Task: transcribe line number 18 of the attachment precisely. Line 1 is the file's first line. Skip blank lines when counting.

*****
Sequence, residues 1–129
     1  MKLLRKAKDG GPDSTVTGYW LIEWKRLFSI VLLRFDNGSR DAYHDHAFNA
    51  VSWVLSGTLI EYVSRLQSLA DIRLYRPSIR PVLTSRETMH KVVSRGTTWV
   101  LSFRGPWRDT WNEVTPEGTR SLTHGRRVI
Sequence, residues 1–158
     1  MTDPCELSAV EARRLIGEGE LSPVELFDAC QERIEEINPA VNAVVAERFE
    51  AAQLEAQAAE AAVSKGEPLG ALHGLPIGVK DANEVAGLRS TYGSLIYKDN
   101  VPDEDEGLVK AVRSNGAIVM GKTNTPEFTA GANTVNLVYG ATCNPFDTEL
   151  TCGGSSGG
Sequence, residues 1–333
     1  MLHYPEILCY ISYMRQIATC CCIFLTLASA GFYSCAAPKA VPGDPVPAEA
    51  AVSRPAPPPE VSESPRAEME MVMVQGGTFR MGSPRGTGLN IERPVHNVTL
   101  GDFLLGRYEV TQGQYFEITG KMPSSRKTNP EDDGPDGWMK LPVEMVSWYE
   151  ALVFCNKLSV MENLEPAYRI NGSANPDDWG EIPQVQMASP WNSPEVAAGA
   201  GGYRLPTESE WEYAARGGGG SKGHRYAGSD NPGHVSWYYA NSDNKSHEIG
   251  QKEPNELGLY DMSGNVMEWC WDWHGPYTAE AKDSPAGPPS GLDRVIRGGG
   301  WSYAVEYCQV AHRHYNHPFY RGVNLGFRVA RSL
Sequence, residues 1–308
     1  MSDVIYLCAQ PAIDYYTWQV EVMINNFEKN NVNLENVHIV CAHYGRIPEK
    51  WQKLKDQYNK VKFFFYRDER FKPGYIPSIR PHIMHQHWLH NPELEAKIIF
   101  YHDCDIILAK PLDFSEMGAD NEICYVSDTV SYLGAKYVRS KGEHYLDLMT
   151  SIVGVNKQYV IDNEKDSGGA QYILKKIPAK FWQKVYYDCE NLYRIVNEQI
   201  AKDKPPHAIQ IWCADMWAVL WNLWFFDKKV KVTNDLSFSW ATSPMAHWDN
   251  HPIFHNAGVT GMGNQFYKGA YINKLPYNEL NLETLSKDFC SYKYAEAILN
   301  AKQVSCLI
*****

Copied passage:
Sequence, residues 1–308